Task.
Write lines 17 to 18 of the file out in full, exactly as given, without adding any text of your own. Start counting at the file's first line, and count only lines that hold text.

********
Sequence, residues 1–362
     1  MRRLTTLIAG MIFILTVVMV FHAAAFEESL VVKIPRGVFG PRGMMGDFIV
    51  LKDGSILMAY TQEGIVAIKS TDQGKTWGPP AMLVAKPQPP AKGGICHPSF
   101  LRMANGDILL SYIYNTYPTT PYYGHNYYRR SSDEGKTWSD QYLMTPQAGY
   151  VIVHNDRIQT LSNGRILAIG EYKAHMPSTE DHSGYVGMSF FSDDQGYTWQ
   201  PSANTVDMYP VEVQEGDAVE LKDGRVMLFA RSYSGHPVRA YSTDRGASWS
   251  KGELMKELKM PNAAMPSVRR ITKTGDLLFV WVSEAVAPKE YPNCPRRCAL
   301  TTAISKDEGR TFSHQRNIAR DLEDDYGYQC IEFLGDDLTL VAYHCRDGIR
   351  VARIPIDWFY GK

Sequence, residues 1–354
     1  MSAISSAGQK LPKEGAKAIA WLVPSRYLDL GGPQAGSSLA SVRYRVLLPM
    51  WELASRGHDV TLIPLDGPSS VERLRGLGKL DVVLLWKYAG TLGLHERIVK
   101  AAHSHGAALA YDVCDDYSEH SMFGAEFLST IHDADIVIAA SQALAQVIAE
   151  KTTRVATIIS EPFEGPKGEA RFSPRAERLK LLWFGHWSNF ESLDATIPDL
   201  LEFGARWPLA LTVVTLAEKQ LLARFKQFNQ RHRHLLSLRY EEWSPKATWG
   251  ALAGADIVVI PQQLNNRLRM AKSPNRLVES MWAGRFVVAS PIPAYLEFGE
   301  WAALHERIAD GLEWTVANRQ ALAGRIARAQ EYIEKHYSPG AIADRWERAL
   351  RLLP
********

   301  WAALHERIAD GLEWTVANRQ ALAGRIARAQ EYIEKHYSPG AIADRWERAL
   351  RLLP